After Work: Argentine Employment in the Fourth Industrial Revolution

Wednesday, May 23rd, 2018
Presentation of the most recent book by Eduardo Levy Yeyati, published by the editorial label Sudamericana. Panel discussion featuring Levy Yeyati and Gustavo Béliz, moderated by Francisco de Santibañes
Written by: Maria Valentina Wakeman

It is without question that global labour schemes are currently subject to massive reform as a consequence of globalisation and technological modernization. Argentina’s deeply-ingrained "eight-hour workday" is no exception, but its profound economic and cultural roots pose important challenges for creating a future that yields effective economic development, while protecting the lifestyles and interests of the Argentine people.

In presenting his most recent publication, After Work: Argentine Employment in the Fourth Industrial Revolution, Eduardo Levy Yeyati unravels the dynamics behind these concerns, laying out an optimistic future for the country’s competitiveness on the global market, but also cautioning Argentines that a lack of openness to the inevitability of these transitions will render progress impossible.

Yeyati conveyed the importance of dismantling common social preconceptions surrounding Argentine employment structure, which discourages many Argentines from embracing the new and changing patterns than have started to take root. " Argentines are accustomed to the workday patterns that have existed since the Industrial Revolution, whereby we clock into the office at 9AM, and are heading home by 6PM. Most of us fear the ‘end of the workday’ because we have come to associate losing work with losing income", he remarked. "But that may not necessarily be that case. The eight-hour workday, simply put, is heading towards extinction. This is a trend we see both globally, and in our country. Times are changing, and we can now generate new sources of income that are more competitive on the global market, that will not demand such a routine from us".

In the wake of multiple recent economic crises, workers feel the need to accumulate as much income as possible, for as long as they can. Though this may have been a virtuous trait in past years, some of its "side effects" have begun to show—namely high rates of structural unemployment resulting from large demand by technology-based employers, but a serious lack of overall vocational training for potential employees. Though education is absolutely part of the question, Yeyati called acute attention to the fact that this is only plausible in the long term. "Education is vital", he admitted. "But the reality is that immediate educational reform will not occur. The workforce today—and for the next twenty-five years—is not comprised of high school students. They are current professionals, and heads of average households, who lack professional formation in their own offices".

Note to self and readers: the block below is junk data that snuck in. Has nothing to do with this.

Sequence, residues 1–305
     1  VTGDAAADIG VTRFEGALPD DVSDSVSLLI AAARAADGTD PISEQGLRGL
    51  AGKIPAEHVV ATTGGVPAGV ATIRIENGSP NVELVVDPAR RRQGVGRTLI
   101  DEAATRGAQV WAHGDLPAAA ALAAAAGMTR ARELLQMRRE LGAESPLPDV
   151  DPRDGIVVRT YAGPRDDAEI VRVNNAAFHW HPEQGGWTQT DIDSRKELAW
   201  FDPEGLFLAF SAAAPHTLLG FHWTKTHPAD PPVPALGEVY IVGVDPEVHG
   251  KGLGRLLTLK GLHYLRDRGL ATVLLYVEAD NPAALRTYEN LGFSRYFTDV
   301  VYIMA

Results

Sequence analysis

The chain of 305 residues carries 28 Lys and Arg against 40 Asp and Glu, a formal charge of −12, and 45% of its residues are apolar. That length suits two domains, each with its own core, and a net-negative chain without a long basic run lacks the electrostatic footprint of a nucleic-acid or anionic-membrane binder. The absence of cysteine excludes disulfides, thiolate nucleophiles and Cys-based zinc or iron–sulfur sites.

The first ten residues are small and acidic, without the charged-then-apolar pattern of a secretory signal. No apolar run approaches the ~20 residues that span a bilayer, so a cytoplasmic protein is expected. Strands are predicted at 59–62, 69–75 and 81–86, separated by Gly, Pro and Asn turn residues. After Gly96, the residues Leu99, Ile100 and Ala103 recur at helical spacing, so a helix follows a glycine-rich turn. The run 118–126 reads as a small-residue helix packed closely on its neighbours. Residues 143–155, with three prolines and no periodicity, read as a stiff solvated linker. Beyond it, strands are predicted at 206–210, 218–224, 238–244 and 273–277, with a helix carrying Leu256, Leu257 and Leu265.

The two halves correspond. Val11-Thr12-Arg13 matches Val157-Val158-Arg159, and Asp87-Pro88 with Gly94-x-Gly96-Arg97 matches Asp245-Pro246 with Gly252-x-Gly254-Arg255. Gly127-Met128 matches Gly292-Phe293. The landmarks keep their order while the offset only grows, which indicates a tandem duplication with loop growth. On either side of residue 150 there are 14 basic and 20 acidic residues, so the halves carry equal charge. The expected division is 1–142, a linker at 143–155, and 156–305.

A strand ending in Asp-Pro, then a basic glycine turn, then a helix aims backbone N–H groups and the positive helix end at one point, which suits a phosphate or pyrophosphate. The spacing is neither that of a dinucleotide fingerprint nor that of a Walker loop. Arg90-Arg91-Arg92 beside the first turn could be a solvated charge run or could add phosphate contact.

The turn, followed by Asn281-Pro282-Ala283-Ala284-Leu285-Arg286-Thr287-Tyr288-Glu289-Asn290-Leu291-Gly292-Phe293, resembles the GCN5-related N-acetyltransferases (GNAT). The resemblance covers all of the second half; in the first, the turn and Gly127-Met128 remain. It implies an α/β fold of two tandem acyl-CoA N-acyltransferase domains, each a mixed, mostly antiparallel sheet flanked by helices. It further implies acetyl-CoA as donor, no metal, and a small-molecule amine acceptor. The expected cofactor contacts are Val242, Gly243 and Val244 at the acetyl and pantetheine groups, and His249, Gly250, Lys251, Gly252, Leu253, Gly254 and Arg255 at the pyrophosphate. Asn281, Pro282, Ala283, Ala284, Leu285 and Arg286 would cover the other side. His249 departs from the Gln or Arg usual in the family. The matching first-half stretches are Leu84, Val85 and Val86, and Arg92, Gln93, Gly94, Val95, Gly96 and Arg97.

Mr. Béliz shared Mr. Yeyati’s concerns, emphasizing that technological debates are not issues solely relevant to the first world. In Latin America particularly—the most unequal region in the world—these changes will be a chance to overcome inequality if met adequately, or a chance to profoundly and irrevocably engrain it if met indifferently. Additionally, the emergence of artificial intelligence provides a viable substitute to Argentina’s "already limited coders", threatening future possibilities of exposing future generations to training in these disciplines.

To conclude the session, both Mr. Yeyati and Mr. Béliz advised Argentines to be "neither optimistic nor pessimistic" about technology’s impacts themselves, but to remain hopeful in mankind’s resiliency. Handling the major and pressing challenges these topics bring about will require "revising outdated paradigms, rethinking backward-looking ideas, and, more fundamentally, remembering man’s centrality in the issue when designing new regulations". Both contended that ultimately, technology should be thought of in relation to progress as a means—not and end.

Eduardo Levy YeyatiIs dean of Argentina’s Torcuato Di Tella University (UTDT). He founded and is currently CEO of Elypsis, a leading financial, economic, and political advising firm. He is also associate researcher for UTDT’s Centre of Financial Investigation, and former director of the Argentina 2030 Programme for the national presidency’s Chief Cabinet Ministry. Internationally, he was a visiting professor at Harvard’s Kennedy School of Government, Faculty Affiliate at their Centre for International Development, Senior Fellow at The Brookings Institution, Chief Emerging Markets Strategist for Barclays Capital, financial advisor to the World Bank, and chief economist for the Argentine Central Bank

Gustavo BélizIs the current director of the Inter American Development Bank’s Institute for Latin American and Caribbean Development (INTAL). He received his undergraduate degree in law from the University of Buenos Aires, and performed graduate work at the London School of Economics. In Argentina, he formerly served as Minister of the Interior; Minister of Justice, Security, and Human Rights; President of the National Institute for Public Administration; and congressman for the city of Buenos Aires

Related Articles:

"A brief overview by the International Monetary Fund regarding the future of Latin America’s economy and labour force"
"The End of Jobs and the Future of Work", an opinion piece feature in British magazine’s Business Matters

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